FROM THE NEW YORKER January 21, 2014  in Exclusive Interview Posted by Jane Mayer

Snowden Calls Russian-Spy Story “Absurd”

Edward J. Snowden, the former National Security Agency contractor turned whistle-blower, strongly denies allegations made by members of Congress that he was acting as a spy, perhaps for a foreign power, when he took hundreds of thousands of classified U.S. government documents. Speaking from Moscow, where he is a fugitive from American justice, Snowden told The New Yorker, “This ‘Russian spy’ push is absurd.”

On NBC’s “Meet the Press,” Mike Rogers, a Republican congressman from Michigan who is the chairman of the House Intelligence Committee, described Snowden as a “thief, who we believe had some help.” The show’s host, David Gregory, interjected, “You think the Russians helped Ed Snowden?” Rogers replied that he believed it was neither “coincidence” nor “a gee-whiz luck event that he ended up in Moscow under the handling of the F.S.B.”

Snowden, in a rare interview that he conducted by encrypted means from Moscow, denied the allegations outright, stressing that he “clearly and unambiguously acted alone, with no assistance from anyone, much less a government.” He added, “It won’t stick…. Because it’s clearly false, and the American people are smarter than politicians think they are.”

If he were a Russian spy, Snowden asked, “Why Hong Kong?” And why, then, was he “stuck in the airport forever” when he reached Moscow? (He spent forty days in the transit zone of Sheremetyevo International Airport.) “Spies get treated better than that.”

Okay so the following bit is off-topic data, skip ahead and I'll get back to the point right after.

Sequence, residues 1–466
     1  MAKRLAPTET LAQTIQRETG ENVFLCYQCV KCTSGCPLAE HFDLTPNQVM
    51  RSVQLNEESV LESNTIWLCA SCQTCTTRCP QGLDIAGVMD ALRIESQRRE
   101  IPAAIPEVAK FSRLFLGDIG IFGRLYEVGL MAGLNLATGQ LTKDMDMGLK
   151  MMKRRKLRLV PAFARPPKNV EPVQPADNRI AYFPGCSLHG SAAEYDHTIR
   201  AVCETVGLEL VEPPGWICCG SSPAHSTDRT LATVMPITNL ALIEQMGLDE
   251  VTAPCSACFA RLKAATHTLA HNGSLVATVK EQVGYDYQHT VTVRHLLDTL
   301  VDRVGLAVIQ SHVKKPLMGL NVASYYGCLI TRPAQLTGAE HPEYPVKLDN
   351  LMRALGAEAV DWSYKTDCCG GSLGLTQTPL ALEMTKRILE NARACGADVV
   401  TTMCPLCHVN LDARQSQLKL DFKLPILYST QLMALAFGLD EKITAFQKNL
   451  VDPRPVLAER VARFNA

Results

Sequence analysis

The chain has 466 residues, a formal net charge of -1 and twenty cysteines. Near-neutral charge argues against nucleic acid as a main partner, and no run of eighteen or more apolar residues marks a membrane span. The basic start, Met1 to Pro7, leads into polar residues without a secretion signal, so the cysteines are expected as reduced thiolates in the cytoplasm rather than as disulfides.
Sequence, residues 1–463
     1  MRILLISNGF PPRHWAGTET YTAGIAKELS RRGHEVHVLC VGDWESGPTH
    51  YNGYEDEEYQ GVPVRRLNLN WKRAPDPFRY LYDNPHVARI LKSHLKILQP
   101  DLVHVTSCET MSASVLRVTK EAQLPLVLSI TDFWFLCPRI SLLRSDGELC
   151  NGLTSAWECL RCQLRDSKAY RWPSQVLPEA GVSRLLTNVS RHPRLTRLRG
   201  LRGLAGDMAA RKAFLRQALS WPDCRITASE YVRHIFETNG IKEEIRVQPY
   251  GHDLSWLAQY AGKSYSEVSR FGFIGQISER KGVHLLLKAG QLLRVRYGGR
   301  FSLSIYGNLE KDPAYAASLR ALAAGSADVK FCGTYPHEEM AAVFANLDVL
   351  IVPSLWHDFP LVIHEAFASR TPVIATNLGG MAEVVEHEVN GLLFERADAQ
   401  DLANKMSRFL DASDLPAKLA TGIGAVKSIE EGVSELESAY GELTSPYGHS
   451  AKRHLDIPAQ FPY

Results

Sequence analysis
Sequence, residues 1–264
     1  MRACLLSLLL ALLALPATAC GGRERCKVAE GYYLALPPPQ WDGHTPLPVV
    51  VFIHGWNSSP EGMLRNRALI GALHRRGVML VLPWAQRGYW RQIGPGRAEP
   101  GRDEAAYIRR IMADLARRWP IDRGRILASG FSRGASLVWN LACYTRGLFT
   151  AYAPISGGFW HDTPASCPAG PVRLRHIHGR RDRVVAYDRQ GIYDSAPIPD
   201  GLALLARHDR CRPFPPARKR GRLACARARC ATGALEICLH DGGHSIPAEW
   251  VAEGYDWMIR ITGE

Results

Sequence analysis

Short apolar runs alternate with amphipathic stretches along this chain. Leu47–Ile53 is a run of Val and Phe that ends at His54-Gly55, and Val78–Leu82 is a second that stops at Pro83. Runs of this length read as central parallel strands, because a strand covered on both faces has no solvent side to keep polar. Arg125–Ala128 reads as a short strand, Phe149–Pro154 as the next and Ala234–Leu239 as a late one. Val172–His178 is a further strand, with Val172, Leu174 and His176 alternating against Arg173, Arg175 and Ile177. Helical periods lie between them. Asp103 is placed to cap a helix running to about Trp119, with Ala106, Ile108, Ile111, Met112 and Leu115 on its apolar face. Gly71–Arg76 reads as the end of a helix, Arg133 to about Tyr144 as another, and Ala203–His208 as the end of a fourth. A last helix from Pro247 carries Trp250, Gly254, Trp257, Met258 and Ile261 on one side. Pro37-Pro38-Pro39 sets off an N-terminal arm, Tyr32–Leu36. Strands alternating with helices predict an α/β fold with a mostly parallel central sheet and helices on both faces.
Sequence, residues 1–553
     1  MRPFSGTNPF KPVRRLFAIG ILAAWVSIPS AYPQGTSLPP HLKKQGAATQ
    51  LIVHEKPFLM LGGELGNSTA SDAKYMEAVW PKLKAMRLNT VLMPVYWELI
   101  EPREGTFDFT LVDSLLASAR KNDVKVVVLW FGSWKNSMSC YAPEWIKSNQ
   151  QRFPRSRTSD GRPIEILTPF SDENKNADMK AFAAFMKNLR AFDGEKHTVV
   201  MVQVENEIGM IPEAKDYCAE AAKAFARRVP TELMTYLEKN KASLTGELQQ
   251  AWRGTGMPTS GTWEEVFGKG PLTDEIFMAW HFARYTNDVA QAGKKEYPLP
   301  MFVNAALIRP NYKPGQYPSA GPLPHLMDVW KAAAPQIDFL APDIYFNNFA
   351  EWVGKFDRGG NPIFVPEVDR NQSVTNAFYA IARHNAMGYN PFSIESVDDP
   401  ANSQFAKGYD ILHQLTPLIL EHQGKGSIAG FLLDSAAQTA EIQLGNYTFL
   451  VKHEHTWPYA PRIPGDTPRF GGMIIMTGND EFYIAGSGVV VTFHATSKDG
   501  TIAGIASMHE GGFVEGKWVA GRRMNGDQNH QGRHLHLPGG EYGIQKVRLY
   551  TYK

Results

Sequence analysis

In the nine months since Snowden first surfaced, there has been intense speculation about his motives and methods. But “a senior F.B.I. official said on Sunday that it was still the bureau’s conclusion that Mr. Snowden acted alone,” the New York Times reported this weekend, adding that the agency has not publicly revealed any evidence that he was working in conjunction with any foreign intelligence agency or government. The issue is key to shaping the public’s perceptions of Snowden. Representative Rogers, on “Meet the Press,” went on to allege that “some of the things he did were beyond his technical capabilities. Raises more questions. How he arranged travel before he left. How he was ready to go—he had a ‘go bag,’ if you will.” Gregory then asked Senator Dianne Feinstein, a Democrat from California who chairs the Senate Intelligence Committee, and who was also a guest on the show, whether she agreed that Snowden may have had help from the Russians. She did not dismiss the notion. “He may well have,” she said. “We don’t know at this stage.” On CBS’s “Face the Nation,” Rogers made similar allegations, saying, “This wasn’t a random smash and grab, run down the road, end up in China, the bastion of Internet freedom, and then Russia, of course, the bastion of Internet freedom.”

Asked today to elaborate on his reasons for alleging that Snowden “had help,” Rogers, through a press aide, declined to comment.

An aide to Feinstein, meanwhile, stressed that she did no more than ask questions. “Senator Feinstein said, ‘We don’t know at this stage.’ In light of the comments from Chairman Rogers, it is reasonable for Senator Feinstein to say that we should find out.”

Some observers, looking at the possibility that Snowden was in league with the Russian government before taking asylum there, have pointed to a report in a Russian newspaper, Kommersant, that before leaving Hong Kong last June Snowden stayed at the Russian Consulate. Snowden’s legal adviser, Ben Wizner, a lawyer with the American Civil Liberties Union, denied that report, however, saying, “Every news organization in the world has been trying to confirm that story. They haven’t been able to, because it’s false.” (Kommersant stands by its story.)